Background: Advice nurse call centers are used to ensure access to medical advice, thereby potentially reducing the costs of health services.
Objective: To determine if medical advice from advice nurses and on-call physicians delays significant medical treatment in a general pediatrics population.
Design: Randomized controlled trial.
Setting: A university general pediatrics faculty practice.
Participants: Parents or guardians calling for after-hours advice regarding their children.Intervention After-hours medical advice calls were randomized at the time of the call to an advice nurse or an on-call pediatrician.
Main outcome measures: The proportion of callers who sought medical care not advised by the advice nurse or on-call pediatrician and the proportion who received unadvised significant care.
Results: There were 1182 advice calls: 566 in the pediatrician group and 616 in the advice nurse group. There were no significant differences in the types of telephone triage advice in the physician and advice nurse groups. There was no significant difference in the proportion of callers who sought unadvised care (108 [19.9%] in the physician group vs 110 [19.0%] in the advice nurse group) or in the proportion of callers who received unadvised significant care (23 [4.2%] in the physician group vs 25 [4.3%] in the advice nurse group).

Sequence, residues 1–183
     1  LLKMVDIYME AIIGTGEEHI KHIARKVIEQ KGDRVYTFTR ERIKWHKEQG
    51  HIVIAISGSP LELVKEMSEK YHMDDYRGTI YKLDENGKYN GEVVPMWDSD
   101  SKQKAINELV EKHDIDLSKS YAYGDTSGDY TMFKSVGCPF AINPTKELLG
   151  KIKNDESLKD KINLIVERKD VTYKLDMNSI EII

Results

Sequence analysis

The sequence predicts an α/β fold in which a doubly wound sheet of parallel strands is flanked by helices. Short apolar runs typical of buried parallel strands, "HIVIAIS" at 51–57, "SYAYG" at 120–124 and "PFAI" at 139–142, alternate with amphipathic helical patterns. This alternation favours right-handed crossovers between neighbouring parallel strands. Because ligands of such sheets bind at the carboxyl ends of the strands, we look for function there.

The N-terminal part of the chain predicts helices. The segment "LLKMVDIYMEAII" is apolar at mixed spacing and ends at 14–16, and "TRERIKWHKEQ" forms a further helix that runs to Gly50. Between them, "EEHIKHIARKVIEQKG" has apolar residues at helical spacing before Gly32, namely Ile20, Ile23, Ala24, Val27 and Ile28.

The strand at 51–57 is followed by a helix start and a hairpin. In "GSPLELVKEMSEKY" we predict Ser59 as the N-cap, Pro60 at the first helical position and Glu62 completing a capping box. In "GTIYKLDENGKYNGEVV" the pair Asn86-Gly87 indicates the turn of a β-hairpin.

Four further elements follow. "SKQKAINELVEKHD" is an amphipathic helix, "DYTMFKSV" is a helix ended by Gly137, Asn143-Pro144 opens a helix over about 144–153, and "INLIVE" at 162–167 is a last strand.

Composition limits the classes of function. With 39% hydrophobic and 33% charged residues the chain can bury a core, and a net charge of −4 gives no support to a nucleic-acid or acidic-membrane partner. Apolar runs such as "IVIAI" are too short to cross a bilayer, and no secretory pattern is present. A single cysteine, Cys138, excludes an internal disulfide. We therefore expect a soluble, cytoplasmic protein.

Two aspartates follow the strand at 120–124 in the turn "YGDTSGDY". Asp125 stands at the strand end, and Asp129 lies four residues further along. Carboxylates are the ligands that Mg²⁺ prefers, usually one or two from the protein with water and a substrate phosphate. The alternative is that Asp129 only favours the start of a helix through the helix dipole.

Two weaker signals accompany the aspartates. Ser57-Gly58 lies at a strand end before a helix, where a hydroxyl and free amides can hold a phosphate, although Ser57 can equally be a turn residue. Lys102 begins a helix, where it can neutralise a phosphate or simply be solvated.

Conclusions: The proportions of callers who sought unadvised medical care and who received unadvised significant care were not significantly different in the advice nurse and pediatrician groups. This suggests that advice nurses do not delay significant medical treatment when compared with pediatricians.